Opinion in my suit against ICE

Tushnet v. U.S. Immig. & Customs Enforcement, No.
1:15-cv-00907 (D.D.C. filed Mar. 31, 2017)
Thanks to my able counsel Michael Kirkpatrick of Public
Citizen, initially assisted by Georgetown students from the Institute for
Public Representation.  Here, the
district court denies ICE’s motion for summary judgment in my FOIA suit,
ordering ICE to do further searches/explain why it can’t and to review its
redaction of certain elements of industry guides to detecting counterfeits
supplied to ICE.
I particularly appreciated the court’s wry summary of how
this dispute began, including “Tushnet explained to ICE that an irreverent
parody of a recognized trademark does not infringe because it creates no confusion
over the item’s provenance.”  A bit more:
As reported in the Boston Globe,
ICE spokesman Daniel Modricker announced that any item that “debas[es] a
mascot—and really anything that denigrates a team—is guaranteed to be
contraband.” Nestor Ramos, U.S. Agents Tackle Fake Super Bowl Items, Boston
Globe, Jan. 31, 2015).… After reading the article, Professor Tushnet
immediately wrote to Modricker seeking clarification of ICE’s position on
parody merchandise. Modricker doubled down in his reply: “if one logo
[disparages] another logo than it would be infringement.”
When pressed further on ICE’s legal
basis for seizing parody items, Modricker looped in attorney Joseph Liberta,
Chief of the agency’s Criminal Law section. … Liberta attempted to assuage
Tushnet’s concerns by noting that ICE, in consultation with agency and
Department of Justice attorneys, relies on “potential fair use provisions and
federal circuit-specific case law” when determining whether probable cause
supports a seizure. He invited Tushnet to submit a FOIA request to obtain more
information about the number of counterfeit seizures ICE had made in recent
history.  Two weeks later, Tushnet took
him up on his offer ….
How do ICE agents determine what to seize? The court
explained:
As noted above, the only material
that ICE produced in response to Tushnet’s request for training or guidance
documents given to ICE agents were 25 instructional guides provided to ICE by
various sports leagues and sports apparel companies.  Tushnet finds it is “implausible that ICE has
no documents of its own” that instruct officers on how to distinguish
counterfeit marks.  The Court does not
share Tushnet’s skepticism on this score. It seems entirely logical that ICE
would rely on apparel licensers and manufacturers to point out the unique
features of their branded clothing, rather than to expend the resources
necessary to develop those guidelines internally. 
But that fact makes it quite important that such guides be
legally accurate, rather than overclaiming trademark owners’ rights.  It also suggests that Mr. Liberta’s initial claims to me about relying on fair use and federal circuit-specific case law were, let’s say, unfounded, which is really too bad.
I also partially prevailed on my challenge to the adequacy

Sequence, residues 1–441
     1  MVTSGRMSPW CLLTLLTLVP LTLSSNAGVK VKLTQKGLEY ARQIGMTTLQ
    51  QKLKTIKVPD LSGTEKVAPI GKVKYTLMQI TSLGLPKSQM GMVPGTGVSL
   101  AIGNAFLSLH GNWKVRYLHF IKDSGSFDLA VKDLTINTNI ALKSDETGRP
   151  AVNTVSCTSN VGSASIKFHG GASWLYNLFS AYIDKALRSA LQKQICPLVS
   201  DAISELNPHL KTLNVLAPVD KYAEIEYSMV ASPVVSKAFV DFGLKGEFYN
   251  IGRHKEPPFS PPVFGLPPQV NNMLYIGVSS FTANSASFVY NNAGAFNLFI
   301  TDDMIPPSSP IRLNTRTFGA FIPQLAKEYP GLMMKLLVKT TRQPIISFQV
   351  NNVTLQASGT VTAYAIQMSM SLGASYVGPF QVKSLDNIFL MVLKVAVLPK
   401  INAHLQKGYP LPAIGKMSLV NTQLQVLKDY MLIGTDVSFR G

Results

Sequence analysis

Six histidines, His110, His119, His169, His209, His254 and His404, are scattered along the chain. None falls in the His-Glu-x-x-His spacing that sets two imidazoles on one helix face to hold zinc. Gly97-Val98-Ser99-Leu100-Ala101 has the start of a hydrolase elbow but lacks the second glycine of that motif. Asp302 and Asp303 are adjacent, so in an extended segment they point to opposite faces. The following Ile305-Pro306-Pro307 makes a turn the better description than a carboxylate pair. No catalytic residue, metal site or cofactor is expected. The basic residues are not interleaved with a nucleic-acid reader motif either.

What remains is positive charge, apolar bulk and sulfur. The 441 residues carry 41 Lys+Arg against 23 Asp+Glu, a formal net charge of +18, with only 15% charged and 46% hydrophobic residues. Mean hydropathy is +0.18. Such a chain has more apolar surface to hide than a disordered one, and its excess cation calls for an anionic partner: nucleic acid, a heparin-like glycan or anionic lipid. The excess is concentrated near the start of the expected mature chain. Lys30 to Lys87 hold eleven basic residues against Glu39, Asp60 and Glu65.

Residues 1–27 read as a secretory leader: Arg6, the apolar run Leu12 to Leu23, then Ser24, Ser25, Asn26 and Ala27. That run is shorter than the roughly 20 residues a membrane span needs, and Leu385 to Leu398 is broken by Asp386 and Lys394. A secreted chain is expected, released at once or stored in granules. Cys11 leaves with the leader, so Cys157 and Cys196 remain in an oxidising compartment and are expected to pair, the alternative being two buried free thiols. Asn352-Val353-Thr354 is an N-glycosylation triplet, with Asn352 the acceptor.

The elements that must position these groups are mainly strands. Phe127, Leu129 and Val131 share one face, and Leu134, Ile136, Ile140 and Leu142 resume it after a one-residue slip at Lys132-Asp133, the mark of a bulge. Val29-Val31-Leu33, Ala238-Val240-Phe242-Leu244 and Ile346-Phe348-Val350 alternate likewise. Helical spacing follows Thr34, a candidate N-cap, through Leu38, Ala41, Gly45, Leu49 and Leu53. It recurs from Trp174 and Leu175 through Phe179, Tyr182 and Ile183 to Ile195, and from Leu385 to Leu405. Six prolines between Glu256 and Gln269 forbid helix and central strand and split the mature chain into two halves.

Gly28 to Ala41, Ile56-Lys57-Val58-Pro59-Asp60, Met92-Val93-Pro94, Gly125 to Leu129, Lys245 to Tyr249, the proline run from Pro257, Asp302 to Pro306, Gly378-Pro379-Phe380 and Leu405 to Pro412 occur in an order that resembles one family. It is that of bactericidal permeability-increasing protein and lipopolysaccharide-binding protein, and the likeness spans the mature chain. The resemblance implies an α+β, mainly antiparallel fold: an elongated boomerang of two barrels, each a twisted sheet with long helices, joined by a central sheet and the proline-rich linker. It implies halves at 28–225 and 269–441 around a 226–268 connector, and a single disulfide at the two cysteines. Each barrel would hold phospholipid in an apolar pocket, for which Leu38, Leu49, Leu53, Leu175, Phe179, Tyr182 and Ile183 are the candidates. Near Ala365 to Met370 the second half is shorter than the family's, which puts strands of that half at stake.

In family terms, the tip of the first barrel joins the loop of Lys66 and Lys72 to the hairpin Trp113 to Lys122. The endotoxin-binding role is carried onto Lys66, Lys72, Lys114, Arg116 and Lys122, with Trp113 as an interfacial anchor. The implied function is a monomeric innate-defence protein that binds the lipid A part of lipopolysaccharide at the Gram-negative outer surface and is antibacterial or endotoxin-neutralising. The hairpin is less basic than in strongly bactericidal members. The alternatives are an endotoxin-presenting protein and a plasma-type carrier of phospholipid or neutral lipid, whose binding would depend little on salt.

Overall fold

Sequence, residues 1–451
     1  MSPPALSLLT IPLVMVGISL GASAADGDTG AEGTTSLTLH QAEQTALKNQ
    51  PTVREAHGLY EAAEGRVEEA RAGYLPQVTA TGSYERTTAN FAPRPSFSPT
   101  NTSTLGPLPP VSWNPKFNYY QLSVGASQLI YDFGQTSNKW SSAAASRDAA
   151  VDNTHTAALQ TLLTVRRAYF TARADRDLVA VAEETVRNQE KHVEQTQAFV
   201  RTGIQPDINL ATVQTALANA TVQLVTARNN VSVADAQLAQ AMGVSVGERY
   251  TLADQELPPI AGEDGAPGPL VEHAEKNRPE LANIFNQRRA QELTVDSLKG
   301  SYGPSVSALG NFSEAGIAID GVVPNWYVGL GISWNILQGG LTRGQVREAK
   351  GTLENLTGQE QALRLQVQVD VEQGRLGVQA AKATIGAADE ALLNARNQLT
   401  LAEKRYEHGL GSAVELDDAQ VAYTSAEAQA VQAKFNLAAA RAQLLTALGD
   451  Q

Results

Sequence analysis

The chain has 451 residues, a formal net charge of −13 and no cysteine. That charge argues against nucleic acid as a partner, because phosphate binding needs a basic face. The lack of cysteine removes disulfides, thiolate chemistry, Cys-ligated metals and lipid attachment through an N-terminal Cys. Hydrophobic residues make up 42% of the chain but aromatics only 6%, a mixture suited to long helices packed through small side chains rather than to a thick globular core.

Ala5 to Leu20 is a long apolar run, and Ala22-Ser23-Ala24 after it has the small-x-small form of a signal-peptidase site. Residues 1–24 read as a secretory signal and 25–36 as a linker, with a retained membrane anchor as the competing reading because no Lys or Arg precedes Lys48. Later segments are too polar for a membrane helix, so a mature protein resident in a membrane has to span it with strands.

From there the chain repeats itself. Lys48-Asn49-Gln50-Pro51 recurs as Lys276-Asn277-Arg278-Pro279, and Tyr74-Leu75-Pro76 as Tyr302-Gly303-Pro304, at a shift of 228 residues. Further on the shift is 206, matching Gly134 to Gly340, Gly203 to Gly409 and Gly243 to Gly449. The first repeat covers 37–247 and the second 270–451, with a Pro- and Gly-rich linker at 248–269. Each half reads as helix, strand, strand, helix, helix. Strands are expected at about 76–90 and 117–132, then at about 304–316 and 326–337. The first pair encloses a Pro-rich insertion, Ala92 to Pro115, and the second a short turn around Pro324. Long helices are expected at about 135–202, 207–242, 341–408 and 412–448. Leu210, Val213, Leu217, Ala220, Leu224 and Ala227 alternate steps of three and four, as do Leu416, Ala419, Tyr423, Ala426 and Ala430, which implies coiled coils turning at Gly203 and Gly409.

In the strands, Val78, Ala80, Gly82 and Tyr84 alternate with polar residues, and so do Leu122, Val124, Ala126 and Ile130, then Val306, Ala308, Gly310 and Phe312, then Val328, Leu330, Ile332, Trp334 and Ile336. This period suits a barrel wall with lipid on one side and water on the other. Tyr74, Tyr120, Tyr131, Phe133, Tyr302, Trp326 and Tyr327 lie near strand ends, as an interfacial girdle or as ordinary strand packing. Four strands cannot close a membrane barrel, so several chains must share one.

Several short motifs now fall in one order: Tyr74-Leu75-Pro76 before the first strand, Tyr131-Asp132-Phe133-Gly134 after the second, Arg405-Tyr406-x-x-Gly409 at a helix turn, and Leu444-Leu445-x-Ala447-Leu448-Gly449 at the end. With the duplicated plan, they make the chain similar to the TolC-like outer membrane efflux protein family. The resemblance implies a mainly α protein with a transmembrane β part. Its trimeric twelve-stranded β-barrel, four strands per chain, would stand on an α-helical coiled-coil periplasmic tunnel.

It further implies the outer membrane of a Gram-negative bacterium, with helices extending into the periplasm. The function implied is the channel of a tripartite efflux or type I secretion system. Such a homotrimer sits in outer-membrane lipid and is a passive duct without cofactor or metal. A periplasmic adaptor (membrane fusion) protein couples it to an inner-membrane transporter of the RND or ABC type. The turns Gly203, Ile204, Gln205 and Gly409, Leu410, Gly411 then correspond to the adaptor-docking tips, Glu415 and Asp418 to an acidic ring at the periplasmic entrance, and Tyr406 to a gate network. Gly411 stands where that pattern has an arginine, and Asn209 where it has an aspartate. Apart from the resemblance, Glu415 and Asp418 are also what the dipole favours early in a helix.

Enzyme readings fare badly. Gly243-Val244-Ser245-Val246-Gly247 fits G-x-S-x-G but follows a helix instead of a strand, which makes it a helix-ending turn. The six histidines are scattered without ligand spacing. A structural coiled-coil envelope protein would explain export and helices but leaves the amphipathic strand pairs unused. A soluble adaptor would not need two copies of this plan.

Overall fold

of ICE’s search, given the disparity in search terms used by field offices,
some of which didn’t even use the terms I specifically identified in my
request, such as “dilution.”
FOIA Exemption 7(E) authorizes agencies to withhold “records
or information compiled for law enforcement purposes [that] would disclose
techniques and procedures for law enforcement investigations or prosecutions,
or would disclose guidelines for law enforcement investigations or prosecutions
if such disclosure could reasonably be expected to risk circumvention of the
law.”  This creates a relatively low bar
for agencies, who must only show logically how releasing information would create
a risk of circumvention.  On the basis of
this exemption, ICE redacted over 300 of the 521 pages of the industry guides
it released.
The court reasoned: “[o]n its face, ICE’s justification
appears sound:  If ICE agents use these guides
to distinguish counterfeit goods, revealing the features they look for could
help black market manufacturers improve the ‘authenticity’ of their products
and potentially avoid detection. This explanation provides a straightforward
link between disclosure and potential violations of the law.” Though the court
rejected several of my objections, however, it agreed that “there is no
legitimate law enforcement purpose in detecting non-counterfeit goods”:

[Tushnet] maintains that some of
the material redacted from industry guides might incorrectly characterize
clothing as counterfeit when in fact it is a lawful parody. Withholding such
material would therefore serve no “legitimate law enforcement purpose” because
ICE has no legal authority to seize these items. Tushnet points to a “No Flyers
Zone” t-shirt that features the Philadelphia Flyers logo with the Chicago
Blackhawks logo imposed over it as one example of an item that was mislabeled
as counterfeit in one NHL product guide. The use of the Flyers logo is lawful,
according to Tushnet, “because there is no confusion as to whether the Flyers
sponsored the shirt.”  In addition,
Tushnet presents evidence that ICE has seized other items in this same vein,
which suggests a potential misunderstanding within the agency as to what
constitutes trademark infringement. The examples offered by Tushnet give the
Court pause because 7(E) redactions would be inappropriate if there is no risk
that a law could be violated, and successful parodies do not violate trademark
laws…. Given the evidence Tushnet has produced and the agency’s apparently
exclusive reliance on industry guidance to discern trademark infringement, the Court
finds that ICE has not sufficiently justified its 7(E) redactions and that a
material factual dispute remains regarding the applicability of this exemption.

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